On Chesil Beach director Dominic Cooke discusses using his experience as a theatre director while still relishing the tools that are unique to cinema. Read part 1 of the interview here. Read the rest of our On Chesil Beach Special Issue here.
After decades as a theatre director, Dominic Cooke made his silver screen debut with On Chesil Beach: set in the 1960s, the film is about Florence (Saoirse Ronan) and Edward (Billy Howle), a newly married couple who struggle to talk about and connect during sex. The film is exactingly framed and blocked, meaning every movement the actors make is pregnant with meaning. Cooke masterfully translates his theatrical sensibilities to the screen, taking advantage of what film offers that theatre can’t: close-ups, macros, and the ability to move the audience wherever you want them (the frame, unlike the stage, isn’t static).
We first talked to Cooke when On Chesil Beach premiered at TIFF. I caught up with Cooke again before the film’s wide release to talk about how he approached framing, set design, and editing for the screen. We discussed how On Chesil Beach shares themes with Cooke’s production of Follies — which opened the night before On Chesil Beach premiered.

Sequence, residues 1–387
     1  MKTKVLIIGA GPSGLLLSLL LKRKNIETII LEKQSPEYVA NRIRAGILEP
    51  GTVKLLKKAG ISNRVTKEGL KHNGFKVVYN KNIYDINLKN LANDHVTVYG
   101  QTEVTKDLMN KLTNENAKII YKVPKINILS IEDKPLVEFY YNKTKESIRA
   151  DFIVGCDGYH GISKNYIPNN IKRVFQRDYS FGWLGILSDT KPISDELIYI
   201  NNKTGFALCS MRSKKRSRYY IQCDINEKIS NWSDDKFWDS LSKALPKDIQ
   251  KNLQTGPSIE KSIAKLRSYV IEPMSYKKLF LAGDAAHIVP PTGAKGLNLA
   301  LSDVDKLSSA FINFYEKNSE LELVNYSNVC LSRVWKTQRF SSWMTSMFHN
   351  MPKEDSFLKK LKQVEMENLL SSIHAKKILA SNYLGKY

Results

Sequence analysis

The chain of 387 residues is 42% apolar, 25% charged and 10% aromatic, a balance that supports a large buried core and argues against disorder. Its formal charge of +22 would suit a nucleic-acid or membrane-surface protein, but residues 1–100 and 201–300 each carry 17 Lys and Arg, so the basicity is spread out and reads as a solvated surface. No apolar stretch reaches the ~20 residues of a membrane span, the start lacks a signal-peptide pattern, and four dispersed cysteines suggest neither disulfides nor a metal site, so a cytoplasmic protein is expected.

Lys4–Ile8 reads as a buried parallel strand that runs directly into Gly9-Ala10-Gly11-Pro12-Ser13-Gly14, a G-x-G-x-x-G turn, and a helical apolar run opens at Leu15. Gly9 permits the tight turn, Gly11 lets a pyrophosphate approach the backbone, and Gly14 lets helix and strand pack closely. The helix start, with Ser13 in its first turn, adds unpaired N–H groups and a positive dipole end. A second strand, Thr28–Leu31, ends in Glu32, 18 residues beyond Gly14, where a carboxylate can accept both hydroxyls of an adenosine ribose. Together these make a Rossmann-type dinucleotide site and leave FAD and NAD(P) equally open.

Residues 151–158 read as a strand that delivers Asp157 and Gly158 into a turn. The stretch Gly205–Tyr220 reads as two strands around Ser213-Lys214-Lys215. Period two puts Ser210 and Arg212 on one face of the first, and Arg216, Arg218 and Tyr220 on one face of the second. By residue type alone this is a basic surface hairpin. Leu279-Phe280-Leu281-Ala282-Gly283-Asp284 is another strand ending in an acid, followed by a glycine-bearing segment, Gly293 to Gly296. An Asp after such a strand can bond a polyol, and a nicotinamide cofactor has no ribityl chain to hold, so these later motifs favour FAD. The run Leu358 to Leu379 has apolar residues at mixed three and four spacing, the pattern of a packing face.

7R: How did you approach blocking On Chesil Beach?
DC: In some situations, I was very clear up front with precisely what I was trying to achieve. In other situations, I was responding more to what the actors do. I would rehearse with the actors, do staging, and then bring the DoP and show him what I’d done. You have an idea when you start, and you might have a specific idea of where you want to keep the actors within a particular frame. But often, they’ll do something organically which has more life and seems more truthful.